# What is an efficient way to show two spaces are homeomorphic?

Okay here is the setup to a problem I have. We have $\mathbb{R}^3$ along with the standard topology and then two subspaces that are given the subspace topology. I forget the explicit definitions of the two subspaces $A,B$ but it is essentially a 3d parabola and a kind of cone shape. I can see looking at them that they would be homeomorphic I think but I don't know how to prove it.

So right now I have $A=\{(x,y,z) \in \mathbb{R^3}: \text{Something}\}$ and $B=\{(x,y,z) \in \mathbb{R^3}: \text{Something}\}$ and I want to show they are homeomorphic so what is a good way to do this?

Also I don't really see the significance of $A,B$ be given the subspace topology what difference does that make?

In general is it better to explicitly give such a homeomorphism or is there something else I can do?

• Giving $A$ and $B$ the subspace topology is just the normal way to turn them into topological spaces. If you don't give them a topology, then they're just sets. Also, if you give $A$ two different topologies, then the two copies are no longer homeomorphic, at least not via the identity map. So it makes a difference as to what $A$ will be homeomorphic to. Feb 20 '17 at 18:28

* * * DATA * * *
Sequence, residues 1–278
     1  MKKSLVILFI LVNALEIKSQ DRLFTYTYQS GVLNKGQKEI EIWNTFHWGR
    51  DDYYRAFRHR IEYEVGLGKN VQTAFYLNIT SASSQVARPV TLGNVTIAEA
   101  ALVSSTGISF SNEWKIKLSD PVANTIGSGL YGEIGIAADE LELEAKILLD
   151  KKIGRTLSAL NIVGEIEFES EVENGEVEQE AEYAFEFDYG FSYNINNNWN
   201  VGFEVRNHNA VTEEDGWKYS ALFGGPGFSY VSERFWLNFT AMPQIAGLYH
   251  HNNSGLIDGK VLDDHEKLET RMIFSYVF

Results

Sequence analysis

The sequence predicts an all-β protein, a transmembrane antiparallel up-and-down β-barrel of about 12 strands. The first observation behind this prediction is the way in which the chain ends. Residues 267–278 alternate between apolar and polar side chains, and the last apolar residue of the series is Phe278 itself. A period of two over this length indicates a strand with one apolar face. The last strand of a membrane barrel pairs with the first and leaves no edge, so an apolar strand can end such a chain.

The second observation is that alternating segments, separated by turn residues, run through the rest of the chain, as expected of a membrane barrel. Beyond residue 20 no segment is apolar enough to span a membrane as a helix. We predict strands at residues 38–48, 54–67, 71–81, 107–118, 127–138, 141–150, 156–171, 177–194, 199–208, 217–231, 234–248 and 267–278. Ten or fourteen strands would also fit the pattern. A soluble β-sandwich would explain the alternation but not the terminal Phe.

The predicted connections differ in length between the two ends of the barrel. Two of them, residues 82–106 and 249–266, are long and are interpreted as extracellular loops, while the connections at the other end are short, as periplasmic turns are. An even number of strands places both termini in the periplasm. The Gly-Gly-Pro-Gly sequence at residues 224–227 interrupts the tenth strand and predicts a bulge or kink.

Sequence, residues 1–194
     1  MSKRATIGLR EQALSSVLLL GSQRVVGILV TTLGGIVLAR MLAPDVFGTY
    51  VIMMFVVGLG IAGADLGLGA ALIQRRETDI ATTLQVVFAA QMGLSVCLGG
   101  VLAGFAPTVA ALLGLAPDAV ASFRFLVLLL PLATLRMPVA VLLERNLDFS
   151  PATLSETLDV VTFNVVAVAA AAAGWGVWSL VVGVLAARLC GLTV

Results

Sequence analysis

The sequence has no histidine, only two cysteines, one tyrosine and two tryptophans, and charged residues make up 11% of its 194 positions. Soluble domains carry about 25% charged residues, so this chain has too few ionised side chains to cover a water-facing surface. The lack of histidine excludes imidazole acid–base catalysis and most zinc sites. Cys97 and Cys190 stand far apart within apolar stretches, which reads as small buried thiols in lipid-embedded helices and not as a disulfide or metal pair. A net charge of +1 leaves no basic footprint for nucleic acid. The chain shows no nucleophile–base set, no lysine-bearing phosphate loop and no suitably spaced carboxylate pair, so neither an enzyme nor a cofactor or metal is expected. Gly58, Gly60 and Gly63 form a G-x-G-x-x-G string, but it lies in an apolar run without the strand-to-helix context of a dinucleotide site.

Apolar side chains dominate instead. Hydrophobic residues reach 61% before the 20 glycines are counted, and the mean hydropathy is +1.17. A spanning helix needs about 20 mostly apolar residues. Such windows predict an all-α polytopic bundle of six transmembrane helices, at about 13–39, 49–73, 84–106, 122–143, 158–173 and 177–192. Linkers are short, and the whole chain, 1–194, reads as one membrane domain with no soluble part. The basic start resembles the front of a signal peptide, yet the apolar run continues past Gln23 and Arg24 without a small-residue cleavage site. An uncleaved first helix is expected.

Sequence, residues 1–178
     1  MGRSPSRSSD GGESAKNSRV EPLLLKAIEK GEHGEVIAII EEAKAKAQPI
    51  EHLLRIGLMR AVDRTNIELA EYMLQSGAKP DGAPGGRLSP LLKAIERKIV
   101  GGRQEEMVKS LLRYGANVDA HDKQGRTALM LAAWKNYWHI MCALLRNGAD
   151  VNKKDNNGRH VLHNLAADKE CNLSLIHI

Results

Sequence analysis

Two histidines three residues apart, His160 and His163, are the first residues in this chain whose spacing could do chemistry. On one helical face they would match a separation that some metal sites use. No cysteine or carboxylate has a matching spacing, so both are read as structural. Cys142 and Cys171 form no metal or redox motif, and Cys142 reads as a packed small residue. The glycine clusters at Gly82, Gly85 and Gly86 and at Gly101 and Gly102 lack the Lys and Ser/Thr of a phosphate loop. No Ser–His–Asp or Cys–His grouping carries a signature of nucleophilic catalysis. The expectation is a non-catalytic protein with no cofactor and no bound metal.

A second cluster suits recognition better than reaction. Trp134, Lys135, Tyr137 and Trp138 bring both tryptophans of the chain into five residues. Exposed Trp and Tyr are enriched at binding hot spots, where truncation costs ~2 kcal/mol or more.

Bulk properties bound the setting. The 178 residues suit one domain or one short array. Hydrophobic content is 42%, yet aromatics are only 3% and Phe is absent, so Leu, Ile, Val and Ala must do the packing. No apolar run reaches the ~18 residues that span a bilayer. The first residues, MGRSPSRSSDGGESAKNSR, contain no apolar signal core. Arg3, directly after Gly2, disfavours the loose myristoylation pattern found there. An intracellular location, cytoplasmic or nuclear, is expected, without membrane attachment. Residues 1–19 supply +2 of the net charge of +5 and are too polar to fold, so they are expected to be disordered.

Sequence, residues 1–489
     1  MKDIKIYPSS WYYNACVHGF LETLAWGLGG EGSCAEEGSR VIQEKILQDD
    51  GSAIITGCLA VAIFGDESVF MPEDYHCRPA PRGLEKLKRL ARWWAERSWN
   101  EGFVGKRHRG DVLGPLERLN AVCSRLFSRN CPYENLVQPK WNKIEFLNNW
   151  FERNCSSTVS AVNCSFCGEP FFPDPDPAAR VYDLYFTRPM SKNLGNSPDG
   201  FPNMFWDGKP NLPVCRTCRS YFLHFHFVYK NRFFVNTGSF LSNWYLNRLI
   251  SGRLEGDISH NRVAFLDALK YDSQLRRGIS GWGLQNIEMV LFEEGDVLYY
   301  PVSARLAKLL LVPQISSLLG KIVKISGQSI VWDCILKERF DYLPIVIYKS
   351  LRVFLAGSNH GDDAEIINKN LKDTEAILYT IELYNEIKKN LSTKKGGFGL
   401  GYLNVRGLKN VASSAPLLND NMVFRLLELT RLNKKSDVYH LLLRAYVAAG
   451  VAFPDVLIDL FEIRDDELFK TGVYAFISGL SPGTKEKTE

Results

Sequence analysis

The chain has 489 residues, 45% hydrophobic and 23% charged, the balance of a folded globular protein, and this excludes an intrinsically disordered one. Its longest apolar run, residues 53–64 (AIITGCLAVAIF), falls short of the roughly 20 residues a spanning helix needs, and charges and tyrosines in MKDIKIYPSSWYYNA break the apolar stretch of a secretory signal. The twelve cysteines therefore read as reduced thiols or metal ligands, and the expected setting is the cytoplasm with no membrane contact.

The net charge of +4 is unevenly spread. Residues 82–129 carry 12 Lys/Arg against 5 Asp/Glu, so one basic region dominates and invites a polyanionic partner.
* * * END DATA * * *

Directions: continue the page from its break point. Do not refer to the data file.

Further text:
• As for how to show that $A$ and $B$ are homeomorphic, depending on their specific characteristics, you may be able to either write down a specific homeomorphism between them, or give a more abstract argument along these lines: math.stackexchange.com/questions/165629/… That specific result may not be useful to you, though. Feb 20 '17 at 18:31
• There is no efficient way to show that two spaces are homeomorphic. This task is extremely difficult and in most cases you just construct a homeomorphism directly or indirectly as a composition of homeomorphisms. It is alot easier to show that two spaces are not homeomorphic by looking at topological invariants. Feb 20 '17 at 18:58
• do not vandalise your posts... You may edit your question to clarify it but not delete it.
– Surb
Mar 4 '17 at 22:37

Every subset of $\mathbb R^3$ is its own special snowflake, and there is no algorithm for deciding when two of them are homeomorphic. It's not simply that no algorithm is known; no algorithm for solving this can possibly exist because there are too many subspaces.